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We observed that the system did not transmit sound information perfectly, and transmitted speech signals suffered some distortion. This distortion happens for two reasons: (1) the physical properties of the glass cause it to respond differently to different frequencies, and (2) low-frequency vibrations caused by air-conditioning systems and other building vibrations are constantly present in the window. We attempted to compensate for this observed distortion by building an inverse filter. We accomplished this in three steps:
In order to accurately model the system, we needed to measure its frequency response. We blasted a 30-second sound clip of pure white noise at the window and recorded the signal measured by the detection unit. Since we knew the input of the system (the white noise) had a completely flat spectrum, the output’s spectrum should represent the frequency response. To compute the spectrum of the output (the recorded signal), we windowed portions of the signal using a Hamming window, computed the FFT’s of each windowed portion, and then averaged the FFT’s. This average FFT represents the frequency response of our system.
The plot shows some strong low-frequency vibrations in the window. We attributed these to the air-conditioning unit in the building and to other random vibrations in the environment. We also noticed that the window responded better to low frequencies than to high frequencies. This could be a result of the physical properties of the glass as well as the physical dimensions of the window.
Once we had a good idea of the system’s frequency response, we attempted to model the system using a linear prediction filter. We used a linear prediction filter because it made the inverse filter simple to implement, and it guaranteed that the inverse filter would be inherently stable and have a linear phase response. A linear prediction filter estimates its next output by the current input and a linear combination of n previous outputs:
The first step to building this filter is to compute the autocorrelation coefficients of the recorded signal. The autocorrelation coefficients are a measure of the correlation between samples of the signal. Since the filter must accurately estimate the output based on previous outputs, it must preserve the correlation between samples. One autocorrelation coefficient r[i] can be expressed as:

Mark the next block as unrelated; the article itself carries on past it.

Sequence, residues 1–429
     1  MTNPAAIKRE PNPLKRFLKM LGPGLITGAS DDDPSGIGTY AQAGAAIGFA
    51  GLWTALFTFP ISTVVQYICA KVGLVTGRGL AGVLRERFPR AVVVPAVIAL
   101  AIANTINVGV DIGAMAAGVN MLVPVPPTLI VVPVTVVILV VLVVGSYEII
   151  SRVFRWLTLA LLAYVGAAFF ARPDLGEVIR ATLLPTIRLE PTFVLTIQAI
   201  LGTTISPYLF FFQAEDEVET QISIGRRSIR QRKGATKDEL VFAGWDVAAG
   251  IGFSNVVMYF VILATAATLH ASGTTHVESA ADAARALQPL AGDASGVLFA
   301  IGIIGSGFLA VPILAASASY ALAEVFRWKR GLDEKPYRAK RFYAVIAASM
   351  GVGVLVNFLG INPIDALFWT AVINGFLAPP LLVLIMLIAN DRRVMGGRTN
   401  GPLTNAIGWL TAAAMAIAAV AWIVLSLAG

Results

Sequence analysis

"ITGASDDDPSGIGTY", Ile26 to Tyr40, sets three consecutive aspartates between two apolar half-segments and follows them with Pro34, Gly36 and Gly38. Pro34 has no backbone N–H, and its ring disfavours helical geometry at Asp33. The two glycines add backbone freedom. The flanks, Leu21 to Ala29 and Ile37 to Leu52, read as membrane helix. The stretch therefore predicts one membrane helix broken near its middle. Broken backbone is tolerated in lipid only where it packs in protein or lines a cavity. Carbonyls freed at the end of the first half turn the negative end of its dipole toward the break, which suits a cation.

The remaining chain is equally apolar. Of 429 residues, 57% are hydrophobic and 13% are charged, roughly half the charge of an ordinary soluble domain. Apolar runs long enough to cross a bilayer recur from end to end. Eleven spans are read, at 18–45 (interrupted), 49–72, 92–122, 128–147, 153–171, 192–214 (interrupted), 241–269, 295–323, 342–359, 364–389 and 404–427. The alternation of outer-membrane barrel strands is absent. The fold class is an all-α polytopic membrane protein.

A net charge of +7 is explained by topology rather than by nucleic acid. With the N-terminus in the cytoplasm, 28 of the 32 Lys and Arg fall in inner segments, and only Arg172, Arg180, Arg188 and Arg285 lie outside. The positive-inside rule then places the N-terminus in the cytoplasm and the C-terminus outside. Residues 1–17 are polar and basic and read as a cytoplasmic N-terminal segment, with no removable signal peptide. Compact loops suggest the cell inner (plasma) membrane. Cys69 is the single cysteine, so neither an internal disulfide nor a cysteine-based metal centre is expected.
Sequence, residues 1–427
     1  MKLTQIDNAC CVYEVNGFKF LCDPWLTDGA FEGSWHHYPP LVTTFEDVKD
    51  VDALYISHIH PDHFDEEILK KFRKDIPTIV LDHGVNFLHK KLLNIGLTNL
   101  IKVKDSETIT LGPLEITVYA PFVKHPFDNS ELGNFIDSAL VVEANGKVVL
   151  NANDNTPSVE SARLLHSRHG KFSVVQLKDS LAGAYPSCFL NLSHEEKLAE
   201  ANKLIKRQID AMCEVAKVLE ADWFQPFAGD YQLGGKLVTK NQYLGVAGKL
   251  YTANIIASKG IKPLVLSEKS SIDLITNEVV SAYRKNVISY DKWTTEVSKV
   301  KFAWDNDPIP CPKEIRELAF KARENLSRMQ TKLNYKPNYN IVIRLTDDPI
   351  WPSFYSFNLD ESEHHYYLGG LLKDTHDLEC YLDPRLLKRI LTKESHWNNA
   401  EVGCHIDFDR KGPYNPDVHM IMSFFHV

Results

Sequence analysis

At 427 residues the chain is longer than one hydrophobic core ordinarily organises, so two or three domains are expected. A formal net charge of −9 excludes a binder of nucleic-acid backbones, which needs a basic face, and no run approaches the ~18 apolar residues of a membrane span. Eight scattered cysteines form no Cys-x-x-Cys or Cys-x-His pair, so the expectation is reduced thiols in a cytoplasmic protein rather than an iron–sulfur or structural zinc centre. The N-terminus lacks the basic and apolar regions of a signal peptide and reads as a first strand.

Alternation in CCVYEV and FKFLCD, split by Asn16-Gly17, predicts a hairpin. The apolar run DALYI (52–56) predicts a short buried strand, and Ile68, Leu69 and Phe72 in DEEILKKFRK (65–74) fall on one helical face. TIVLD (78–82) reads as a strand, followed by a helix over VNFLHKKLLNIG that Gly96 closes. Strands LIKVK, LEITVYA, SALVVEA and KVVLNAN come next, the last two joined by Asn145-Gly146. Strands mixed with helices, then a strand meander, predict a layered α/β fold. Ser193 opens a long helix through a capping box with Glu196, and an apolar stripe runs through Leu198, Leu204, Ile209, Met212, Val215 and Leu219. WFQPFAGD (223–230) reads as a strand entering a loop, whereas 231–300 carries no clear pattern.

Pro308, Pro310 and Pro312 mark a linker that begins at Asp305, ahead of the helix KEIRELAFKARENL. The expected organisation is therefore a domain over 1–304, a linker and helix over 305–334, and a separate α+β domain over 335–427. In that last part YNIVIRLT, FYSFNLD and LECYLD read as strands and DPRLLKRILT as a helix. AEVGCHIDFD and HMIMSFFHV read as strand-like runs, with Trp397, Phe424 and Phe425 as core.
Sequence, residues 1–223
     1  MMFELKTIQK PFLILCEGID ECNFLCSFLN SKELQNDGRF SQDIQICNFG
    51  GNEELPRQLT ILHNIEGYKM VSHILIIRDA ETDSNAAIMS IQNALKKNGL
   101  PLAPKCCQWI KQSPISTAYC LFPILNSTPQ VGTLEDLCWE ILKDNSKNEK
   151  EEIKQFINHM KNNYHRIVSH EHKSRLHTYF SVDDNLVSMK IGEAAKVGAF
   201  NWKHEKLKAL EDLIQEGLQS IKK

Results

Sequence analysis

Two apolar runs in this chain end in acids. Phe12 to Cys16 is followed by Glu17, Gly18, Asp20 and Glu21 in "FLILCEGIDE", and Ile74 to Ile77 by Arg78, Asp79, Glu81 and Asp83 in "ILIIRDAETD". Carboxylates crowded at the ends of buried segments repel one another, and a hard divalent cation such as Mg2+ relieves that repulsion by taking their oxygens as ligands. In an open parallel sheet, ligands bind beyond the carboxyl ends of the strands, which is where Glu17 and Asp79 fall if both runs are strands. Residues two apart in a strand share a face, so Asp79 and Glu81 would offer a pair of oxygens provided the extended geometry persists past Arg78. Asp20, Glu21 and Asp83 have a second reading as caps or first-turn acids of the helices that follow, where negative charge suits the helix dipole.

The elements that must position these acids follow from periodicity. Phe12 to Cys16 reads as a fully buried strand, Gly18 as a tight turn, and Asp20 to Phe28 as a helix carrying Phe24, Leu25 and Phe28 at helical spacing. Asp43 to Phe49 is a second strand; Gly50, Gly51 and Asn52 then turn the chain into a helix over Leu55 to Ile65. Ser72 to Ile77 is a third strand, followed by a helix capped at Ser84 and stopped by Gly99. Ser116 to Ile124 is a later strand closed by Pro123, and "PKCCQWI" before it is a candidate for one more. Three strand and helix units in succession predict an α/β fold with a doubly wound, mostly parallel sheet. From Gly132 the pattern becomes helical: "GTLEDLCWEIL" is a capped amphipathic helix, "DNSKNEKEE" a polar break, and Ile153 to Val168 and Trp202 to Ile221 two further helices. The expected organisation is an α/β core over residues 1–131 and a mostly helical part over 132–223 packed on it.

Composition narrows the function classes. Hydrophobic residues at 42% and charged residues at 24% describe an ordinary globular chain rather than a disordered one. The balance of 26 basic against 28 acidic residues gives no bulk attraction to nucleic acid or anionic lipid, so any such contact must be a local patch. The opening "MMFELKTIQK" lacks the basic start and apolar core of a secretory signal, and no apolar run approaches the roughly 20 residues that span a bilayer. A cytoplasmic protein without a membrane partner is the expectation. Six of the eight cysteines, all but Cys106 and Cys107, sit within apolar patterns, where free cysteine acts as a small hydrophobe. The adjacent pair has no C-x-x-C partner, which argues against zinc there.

The next step to building the filter was to compute the filter coefficients. We used a recursive algorithm called Burden’s Algorithm to do this. We set the first coefficient a[0] = 1 and then compute the other coefficients recursively:
We could perform this recursion as many times as we needed to compute the desired amount of coefficients. We wrote a MATLAB program to perform the algorithm N times on the windowed signal to generate N coefficients. We used these coefficients in the feedback branches of the filter. We found that we could accurately model the system using a linear prediction filter with 50 coefficients. The frequency response of this filter has a similar shape to the measured frequency response of the system:
Step 3: Build the Inverse Filter
The linear prediction filter is simple to invert. Since it uses only the previous outputs to generate the next output, it is an all-pole filter with only feedback branches. To build the inverse filter, we used all the feedback coefficients that we generated using Burden’s Algorithm as the feed-forward coefficients of the inverse filter. The frequency response of the inverse filter looks like:
We observed that the inverse filter accurately inverted the response of the system. It successfully attenuated the low-frequency window vibrations, and it amplified the higher frequencies that the system attenuated.
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